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Tasty Food & Beverage Shares In Singapore

As a Singaporean speaking on behalf of other Singaporeans, I daresay we love to eat. How nice would it be then, if Singaporean investors can parlay their love of life-sustaining food into life-enriching profits with successful and profitable food & beverage operators?

There are a handful of F&B companies listed in Singapore that run some great concepts and brands. For instance, Breadtalk (SGX: 5DA) not only makes the ubiquitous pork-floss buns at its namesake Breadtalk outlets, it also serves delectable Chinese cuisine at its award-winning Din Tai Fung restaurants.

Meanwhile, there’s also Tung Lok Restaurants (SGX: 540) that might give Din Tai Fung a run for its money in the Chinese cuisine department with its own TungLok brand of Chinese restaurants.

Shifting to cuisine from another part of the world, we have Japan Foods Holding (SGX: 5OI), which specialises in Japanese ramen through restaurant concepts like Ajisen Ramen, Menya Musashi and Menzo Butao among others. With 20 Ajisen Ramen outlets located throughout Singapore and a store count for Menya Musashi that has doubled from 3 in Sep 2012 to 6 in Sep 2013, it’s perhaps fair to say that there’s some healthy demand for the company’s ramen fare.

But while all three companies might serve delicious food in their own restaurants, tasty fare does not always equate to a profitable business.

For instance, even as Breadtalk and Japan Foods were able to remain solidly profitable over the past few years while generating growing cash flow, Tung Lok Restaurants have struggled to make a decent profit at times and had also suffered shrinking cash flows.

Net profit margin

Year

Breadtalk Japan Foods Tung Lok

2009

4.5%

8.1%

-3.7%

2010

3.7%

10.4%

0.8%

2011

3.2%

4.9%

4.3%

2012 2.7% 6.6%

-2.1%

Source: S&P Capital IQ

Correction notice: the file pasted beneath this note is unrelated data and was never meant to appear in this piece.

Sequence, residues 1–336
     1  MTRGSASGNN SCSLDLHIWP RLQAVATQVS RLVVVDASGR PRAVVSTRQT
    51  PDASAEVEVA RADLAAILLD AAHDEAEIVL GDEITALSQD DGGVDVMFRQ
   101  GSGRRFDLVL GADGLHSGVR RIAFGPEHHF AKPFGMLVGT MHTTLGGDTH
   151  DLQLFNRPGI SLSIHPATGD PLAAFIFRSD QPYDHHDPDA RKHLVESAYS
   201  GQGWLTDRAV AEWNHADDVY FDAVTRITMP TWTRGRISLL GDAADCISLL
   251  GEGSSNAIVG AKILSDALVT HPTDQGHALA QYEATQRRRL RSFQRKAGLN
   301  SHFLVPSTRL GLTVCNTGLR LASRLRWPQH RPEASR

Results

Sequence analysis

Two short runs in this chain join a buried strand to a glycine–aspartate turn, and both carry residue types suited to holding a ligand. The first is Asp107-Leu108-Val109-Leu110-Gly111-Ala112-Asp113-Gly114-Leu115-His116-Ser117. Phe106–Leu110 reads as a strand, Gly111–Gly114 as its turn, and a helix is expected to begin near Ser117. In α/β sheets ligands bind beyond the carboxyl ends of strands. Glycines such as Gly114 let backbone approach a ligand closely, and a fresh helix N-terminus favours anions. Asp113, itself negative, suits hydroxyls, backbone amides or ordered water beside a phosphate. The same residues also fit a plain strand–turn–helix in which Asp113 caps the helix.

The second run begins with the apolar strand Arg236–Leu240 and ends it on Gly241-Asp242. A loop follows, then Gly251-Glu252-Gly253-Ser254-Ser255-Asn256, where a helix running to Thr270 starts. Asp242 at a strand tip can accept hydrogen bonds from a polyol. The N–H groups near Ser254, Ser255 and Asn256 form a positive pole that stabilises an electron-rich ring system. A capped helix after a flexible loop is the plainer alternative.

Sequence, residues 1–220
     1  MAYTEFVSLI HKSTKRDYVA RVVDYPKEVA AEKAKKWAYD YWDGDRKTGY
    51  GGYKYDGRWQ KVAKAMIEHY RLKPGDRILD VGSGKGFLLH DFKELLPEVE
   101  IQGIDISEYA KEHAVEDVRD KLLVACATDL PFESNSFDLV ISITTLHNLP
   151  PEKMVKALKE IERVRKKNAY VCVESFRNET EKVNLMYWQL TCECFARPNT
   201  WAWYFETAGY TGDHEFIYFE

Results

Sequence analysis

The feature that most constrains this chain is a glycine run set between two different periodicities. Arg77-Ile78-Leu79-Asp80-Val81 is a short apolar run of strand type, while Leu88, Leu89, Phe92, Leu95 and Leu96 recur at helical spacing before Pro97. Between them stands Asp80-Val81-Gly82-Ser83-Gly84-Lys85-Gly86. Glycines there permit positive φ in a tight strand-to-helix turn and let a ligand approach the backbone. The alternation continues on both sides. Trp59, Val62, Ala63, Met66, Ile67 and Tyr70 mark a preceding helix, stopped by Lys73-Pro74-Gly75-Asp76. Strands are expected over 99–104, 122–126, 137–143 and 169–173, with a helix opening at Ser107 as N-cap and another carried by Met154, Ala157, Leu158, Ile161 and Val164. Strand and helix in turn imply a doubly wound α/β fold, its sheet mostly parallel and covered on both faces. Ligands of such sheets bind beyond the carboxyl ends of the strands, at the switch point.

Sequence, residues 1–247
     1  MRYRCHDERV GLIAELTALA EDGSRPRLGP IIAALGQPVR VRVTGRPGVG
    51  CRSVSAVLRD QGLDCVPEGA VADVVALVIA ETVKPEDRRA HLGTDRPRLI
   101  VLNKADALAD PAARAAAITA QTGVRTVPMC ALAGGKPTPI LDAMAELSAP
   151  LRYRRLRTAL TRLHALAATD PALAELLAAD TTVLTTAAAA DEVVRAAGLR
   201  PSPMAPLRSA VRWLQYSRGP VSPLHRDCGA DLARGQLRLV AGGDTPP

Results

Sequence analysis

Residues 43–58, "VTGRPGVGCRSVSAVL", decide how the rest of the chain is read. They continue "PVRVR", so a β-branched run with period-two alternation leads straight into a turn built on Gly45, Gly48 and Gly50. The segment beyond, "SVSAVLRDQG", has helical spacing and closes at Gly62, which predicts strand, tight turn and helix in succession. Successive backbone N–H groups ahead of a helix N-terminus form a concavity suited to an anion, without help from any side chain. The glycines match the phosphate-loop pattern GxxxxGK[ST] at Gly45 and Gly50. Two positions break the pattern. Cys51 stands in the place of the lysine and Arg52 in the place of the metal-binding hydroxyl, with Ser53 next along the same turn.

Operating cash flows (in S$, millions)

Year

Breadtalk

Japan Foods

Tung Lok

2009

39

5.4

1.2

2010

45

6.2

8.0

2011

49

6.7

8.1

2012

54

8.4

-0.1

Source: S&P Capital IQ

That disparity in their financial performance translated into a big difference in how their shares have performed since 5 years ago on 4 April 2009, a time when the stock market here in Singapore had just reached its trough during the Great Financial Crisis of 2008-2009.

Breadtalk and Japan Foods’ shares have gained 361% and 478% to their current prices of S$1.19 and S$0.61 respectively. In the process, they’ve also outperformed the market’s 76% return as represented by the Straits Times Index’s (SGX: ^STI) jump from 1,821 points to 3,211 points. And while Tung Lok Restaurants’ shares have beaten the market with an 89% increase in price to S$0.17, its shares’ return has paled in comparison with that of Breadtalk and Japan Foods.

Foolish Bottom Line

The experience of Breadtalk, Japan Foods Holding and Tung Lok Restaurants highlight how Singaporean investors might be able to profit from one of our favourite activities – eating.

At the same time however, it’s also good to be reminded of the fact that a restaurant providing a very desirable service need not necessarily be doing so in the most profitable way. It certainly pays to take a look beneath the hood for whichever company has managed to attract our attention based on the popularity of its good or service.

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The information provided is for general information purposes only and is not intended to be personalised investment or financial advice. Motley Fool Singapore writer Chong Ser Jing owns shares in Japan Foods Holding.